When I decided to pursue my writing dream, I imagined one of the nine daughters of Zeus and Mnemosyne visiting each morning, taking my hand, and guiding me to the computer. There, she would remain, offering words of encouragement until I produced my daily quota of words.
That was the fantasy.
The reality was very different.
I was unprepared for the tyranny of the blank page. While everything was in place—business cards, new computer, dreams of a runaway best-seller—my writing muscles refused to budge.
Hoping for inspiration, I researched the writing rituals of famous authors:
- Alexander Dumas color coordinated his paper. He used blue paper for novels, yellow paper for poetry and rose-colored pages for nonfiction.
- Mark Twain and Truman Capote write lying down.
- Ernest Hemingway sharpened dozens of pencils before starting to write.
- Willa Cather read the Bible before writing each day.
- Before picking up his pen, John Donne liked to lie in an open coffin. (I wonder about this one!)
- Honoré de Balzac drank vast quantities of black coffee, ensuring that he could write all day and night.
- Maya Angelou rose at 5 a.m., gathered her legal pads, a bottle of sherry, playing cards, a Bible, and Roget’s Thesaurus and checked into a hotel room (stripped of all stimuli from the walls). She would write 12 pages before leaving in the afternoon and edit the pages in the evening.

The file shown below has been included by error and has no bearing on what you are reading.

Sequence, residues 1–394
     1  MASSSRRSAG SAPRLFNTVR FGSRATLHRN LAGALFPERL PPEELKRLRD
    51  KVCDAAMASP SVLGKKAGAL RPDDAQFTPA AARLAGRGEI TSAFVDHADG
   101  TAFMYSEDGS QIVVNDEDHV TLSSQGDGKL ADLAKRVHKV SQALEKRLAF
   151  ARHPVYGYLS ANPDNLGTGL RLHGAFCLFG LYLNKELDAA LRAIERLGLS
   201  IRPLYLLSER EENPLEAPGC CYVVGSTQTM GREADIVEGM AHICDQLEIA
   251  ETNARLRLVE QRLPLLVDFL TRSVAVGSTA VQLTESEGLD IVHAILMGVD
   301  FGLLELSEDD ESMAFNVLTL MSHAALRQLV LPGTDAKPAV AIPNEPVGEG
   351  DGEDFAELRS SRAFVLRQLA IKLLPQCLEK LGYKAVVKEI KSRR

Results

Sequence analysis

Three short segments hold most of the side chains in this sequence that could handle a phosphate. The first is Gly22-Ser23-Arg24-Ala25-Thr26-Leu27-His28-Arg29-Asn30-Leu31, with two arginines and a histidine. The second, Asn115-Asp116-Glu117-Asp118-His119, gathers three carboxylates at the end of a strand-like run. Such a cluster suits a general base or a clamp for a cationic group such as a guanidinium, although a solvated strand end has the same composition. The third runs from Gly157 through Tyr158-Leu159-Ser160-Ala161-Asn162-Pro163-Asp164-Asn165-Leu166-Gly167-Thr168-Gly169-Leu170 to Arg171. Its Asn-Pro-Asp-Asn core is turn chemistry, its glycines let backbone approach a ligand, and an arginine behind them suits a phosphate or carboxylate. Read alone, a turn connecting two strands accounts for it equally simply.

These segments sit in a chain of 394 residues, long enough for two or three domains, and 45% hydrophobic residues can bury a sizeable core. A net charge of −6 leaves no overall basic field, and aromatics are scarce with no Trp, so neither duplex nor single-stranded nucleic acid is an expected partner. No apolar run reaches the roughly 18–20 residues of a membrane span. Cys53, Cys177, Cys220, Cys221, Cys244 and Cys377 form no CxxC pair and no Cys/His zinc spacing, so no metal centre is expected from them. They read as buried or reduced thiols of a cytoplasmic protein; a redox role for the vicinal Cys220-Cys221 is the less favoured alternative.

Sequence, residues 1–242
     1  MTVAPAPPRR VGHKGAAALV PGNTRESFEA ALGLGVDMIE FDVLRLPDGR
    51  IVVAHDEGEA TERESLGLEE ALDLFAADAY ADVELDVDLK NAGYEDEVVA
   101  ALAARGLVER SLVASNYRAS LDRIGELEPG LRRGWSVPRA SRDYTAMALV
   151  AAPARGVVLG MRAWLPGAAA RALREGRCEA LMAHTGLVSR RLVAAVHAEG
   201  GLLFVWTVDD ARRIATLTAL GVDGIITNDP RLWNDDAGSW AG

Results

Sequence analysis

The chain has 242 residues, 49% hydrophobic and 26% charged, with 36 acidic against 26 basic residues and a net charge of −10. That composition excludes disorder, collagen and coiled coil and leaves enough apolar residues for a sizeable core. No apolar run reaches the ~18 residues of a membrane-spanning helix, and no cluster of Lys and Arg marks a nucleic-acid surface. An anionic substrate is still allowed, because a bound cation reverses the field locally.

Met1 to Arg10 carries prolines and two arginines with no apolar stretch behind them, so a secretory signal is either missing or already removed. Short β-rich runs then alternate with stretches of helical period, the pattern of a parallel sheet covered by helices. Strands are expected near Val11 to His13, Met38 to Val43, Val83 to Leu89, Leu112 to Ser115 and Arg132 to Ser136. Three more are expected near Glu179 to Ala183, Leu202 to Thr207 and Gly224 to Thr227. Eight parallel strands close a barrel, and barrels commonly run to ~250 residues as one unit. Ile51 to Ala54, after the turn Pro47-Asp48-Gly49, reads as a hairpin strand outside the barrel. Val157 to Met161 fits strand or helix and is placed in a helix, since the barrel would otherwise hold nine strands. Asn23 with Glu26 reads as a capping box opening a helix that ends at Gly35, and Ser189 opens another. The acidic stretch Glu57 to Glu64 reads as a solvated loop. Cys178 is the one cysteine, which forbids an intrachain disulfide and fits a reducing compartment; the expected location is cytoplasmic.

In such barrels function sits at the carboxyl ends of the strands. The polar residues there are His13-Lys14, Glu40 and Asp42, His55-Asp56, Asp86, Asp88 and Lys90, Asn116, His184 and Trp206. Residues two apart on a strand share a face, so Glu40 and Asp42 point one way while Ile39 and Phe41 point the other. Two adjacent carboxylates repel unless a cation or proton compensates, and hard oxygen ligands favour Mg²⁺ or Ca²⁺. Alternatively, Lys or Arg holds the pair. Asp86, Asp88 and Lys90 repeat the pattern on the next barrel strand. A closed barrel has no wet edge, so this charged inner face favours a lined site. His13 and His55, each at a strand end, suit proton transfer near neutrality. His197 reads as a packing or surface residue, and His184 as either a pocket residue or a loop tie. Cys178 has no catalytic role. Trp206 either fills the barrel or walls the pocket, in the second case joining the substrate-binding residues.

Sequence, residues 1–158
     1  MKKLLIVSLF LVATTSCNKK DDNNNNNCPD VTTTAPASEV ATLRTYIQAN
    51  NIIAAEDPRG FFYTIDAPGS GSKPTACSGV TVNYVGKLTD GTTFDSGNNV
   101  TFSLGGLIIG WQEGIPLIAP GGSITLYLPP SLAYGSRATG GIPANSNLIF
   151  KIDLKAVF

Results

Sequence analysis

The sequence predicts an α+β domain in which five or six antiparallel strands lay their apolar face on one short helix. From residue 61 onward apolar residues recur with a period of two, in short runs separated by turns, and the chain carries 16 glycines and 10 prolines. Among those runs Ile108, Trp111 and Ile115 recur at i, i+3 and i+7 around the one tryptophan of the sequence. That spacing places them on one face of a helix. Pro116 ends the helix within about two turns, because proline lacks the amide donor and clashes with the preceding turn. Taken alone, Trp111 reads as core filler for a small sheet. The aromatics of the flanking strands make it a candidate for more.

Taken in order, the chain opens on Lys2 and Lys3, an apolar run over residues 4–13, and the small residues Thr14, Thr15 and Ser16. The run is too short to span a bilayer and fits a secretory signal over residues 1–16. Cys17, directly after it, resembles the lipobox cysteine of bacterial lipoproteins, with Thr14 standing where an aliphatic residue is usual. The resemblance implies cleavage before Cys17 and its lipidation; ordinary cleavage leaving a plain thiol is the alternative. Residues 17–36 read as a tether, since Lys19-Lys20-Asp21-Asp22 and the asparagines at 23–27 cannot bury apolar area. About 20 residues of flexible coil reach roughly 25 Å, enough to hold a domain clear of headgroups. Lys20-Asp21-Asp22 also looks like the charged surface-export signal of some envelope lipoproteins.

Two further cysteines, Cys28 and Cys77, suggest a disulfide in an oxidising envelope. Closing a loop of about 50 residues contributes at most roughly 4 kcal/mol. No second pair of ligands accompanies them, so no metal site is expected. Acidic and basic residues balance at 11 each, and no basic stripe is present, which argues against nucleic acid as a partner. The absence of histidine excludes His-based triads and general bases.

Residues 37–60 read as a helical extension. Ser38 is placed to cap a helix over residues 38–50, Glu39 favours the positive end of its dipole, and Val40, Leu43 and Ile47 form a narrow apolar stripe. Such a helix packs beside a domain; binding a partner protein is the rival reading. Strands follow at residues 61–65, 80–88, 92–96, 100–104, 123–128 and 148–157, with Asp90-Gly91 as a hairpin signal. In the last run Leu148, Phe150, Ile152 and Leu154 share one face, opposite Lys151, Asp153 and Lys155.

Eventually, I came up with my own ritual. Nothing too dramatic, but it works for me.
While having a leisurely breakfast (one of my retirement perks), I don’t linger over that second cup of coffee. If I choose to have more than one cup, I do so while checking email and social media. At nine-thirty, I start writing. My goal is 1000 words a day. At first, I used the oven timer to keep me on task, but that annoying sound reminded me of incessant school bells, so I invested in a bird clock. Each hour, one of my feathered friends, among them the Downy Woodpecker, Belted Kingfisher, and Great Horned Owl, chirp and remind me to pace myself.
Hours before the opening of her career counseling practice, Gilda Greco discovers the dead body of golden girl Carrie Ann Godfrey, neatly arranged in the dumpster outside her office. Gilda’s life and budding career are stalled as Detective Carlo Fantin, her former high school crush, conducts the investigation.
When three more dead blondes turn up all brutally strangled and deposited near Gilda’s favorite haunts, she is pegged as a prime suspect for the murders. Frustrated by Carlo’s chilly detective persona and the mean girl antics of Carrie Ann’s meddling relatives, Gilda decides to launch her own investigation. She discovers a gaggle of suspects, among them a yoga instructor in need of anger management training, a lecherous photographer, and fourteen ex-boyfriends.
As the puzzle pieces fall into place, shocking revelations emerge, forcing Gilda to confront the envy and deceit she has long overlooked.
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In 2008, Joanne took advantage of early retirement and decided to launch a second career that would tap into her creative side and utilize her well-honed organizational skills. Slowly, a writing practice emerged. Her articles and book reviews were published in newspapers, magazines, and online. When she tried her hand at fiction, she made reinvention a recurring theme in her novels and short stories. A member of Crime Writers of Canada, Sisters in Crime, and Romance Writers of America, Joanne writes paranormal romance, cozy mysteries, and inspirational literature from her home base of Guelph, Ontario.
Where to find Joanne…